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Hyper API: support option to reverse vertex winding order for polygon spatial fields on insert/update

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[Creating an Idea for this per Jonas Eckhardt's request.]

 

Issue: If the Hyper API is used to add polygon spatial fields that have the opposite vertex winding order from what Hyper requires then whenever the spatial field is used in Tableau Desktop the default zoom level is the entire planet, rather than set to the extents of the spatial objects. In particular ESRI .shp files and some GeoJSON files can cause this issue since they use that opposite order.

 

This is a known issue, some links:

Default geometry extents (zoom) for datasources created using the Tableau Extract API 2.0

Alteryx community thread: Spatial Geometry Output to Hyper vs SHP Difference... - Alteryx Community

Tableau Slack #data-dev thread: https://tableau-datadev.slack.com/archives/CHTG096LD/p1580336896022600

 

Request: Ideally Hyper would simply detect the vertex winding order and automatically adjust...however I'd be satisfied with having an option on insert/update that let me specify the winding order of the input data and then the Hyper API would do the conversion.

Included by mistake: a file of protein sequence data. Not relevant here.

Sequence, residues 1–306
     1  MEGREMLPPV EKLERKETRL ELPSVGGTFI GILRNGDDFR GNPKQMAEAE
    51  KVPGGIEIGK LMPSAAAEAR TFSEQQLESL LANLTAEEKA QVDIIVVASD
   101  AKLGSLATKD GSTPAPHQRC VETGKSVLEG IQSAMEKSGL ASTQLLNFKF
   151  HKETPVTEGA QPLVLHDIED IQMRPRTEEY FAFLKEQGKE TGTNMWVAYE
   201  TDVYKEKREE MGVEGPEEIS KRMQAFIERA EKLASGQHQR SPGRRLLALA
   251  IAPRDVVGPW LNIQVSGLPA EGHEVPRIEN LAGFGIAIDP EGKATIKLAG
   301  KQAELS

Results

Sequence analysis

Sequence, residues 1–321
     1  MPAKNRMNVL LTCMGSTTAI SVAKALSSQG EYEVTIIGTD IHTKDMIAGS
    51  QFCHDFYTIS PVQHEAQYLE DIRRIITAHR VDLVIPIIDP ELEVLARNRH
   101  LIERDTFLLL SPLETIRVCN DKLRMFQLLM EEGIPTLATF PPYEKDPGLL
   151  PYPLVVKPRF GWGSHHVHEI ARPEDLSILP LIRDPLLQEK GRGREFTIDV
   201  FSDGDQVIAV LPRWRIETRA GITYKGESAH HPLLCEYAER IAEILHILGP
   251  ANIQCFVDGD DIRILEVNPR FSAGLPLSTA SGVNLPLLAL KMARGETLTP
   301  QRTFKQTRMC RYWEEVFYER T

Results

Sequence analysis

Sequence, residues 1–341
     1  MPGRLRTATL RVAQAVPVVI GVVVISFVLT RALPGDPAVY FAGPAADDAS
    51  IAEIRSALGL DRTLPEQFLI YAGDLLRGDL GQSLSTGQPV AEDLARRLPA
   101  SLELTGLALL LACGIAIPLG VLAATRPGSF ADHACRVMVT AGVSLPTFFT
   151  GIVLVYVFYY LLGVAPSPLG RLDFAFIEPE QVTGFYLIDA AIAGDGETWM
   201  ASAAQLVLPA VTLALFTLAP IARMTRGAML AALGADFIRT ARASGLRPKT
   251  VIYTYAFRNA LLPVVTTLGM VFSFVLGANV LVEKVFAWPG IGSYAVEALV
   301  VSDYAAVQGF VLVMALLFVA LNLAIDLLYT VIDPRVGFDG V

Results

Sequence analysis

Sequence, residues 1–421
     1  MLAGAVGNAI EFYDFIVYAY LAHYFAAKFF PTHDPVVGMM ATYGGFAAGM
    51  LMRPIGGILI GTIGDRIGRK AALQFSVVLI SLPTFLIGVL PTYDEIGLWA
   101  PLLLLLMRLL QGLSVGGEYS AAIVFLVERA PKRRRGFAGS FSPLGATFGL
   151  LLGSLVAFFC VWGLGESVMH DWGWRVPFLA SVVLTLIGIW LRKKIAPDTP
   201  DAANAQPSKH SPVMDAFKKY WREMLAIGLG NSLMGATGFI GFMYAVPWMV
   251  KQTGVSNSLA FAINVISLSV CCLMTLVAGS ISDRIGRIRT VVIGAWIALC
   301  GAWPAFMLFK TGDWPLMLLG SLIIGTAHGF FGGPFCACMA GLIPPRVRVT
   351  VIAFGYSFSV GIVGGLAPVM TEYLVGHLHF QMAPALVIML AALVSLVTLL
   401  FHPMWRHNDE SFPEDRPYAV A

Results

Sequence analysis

There are two current workarounds, neither are great:

- Instead of using the Hyper API use multiple connections (to the data and spatial file(s)) and join within Tableau Desktop. In that case when Tableau Desktop connects to the ESRI shape file, etc. Tableau is automatically adjusting for the winding order and the default zoom levels work as expected. This is not ideal for maintaining extracts on Tableau Server because Tableau Server must be configured to have access to the spatial files in order to refresh the extracts.

- Tableau's Sarah Battersby wrote some vertex flipping code for Python Tableau/ExtractAPI2.0 at master · sarahbat/Tableau · GitHub and we use that in our data pipelines to flip the vertices before writing. This adds unwanted extra complexity to our data pipelines; for example even though Alteryx has an Output tool that supports Hyper the complexity is such that we've had to build our own set of macros for handling spatial data and writing it to Hyper files.

 

Jonathan

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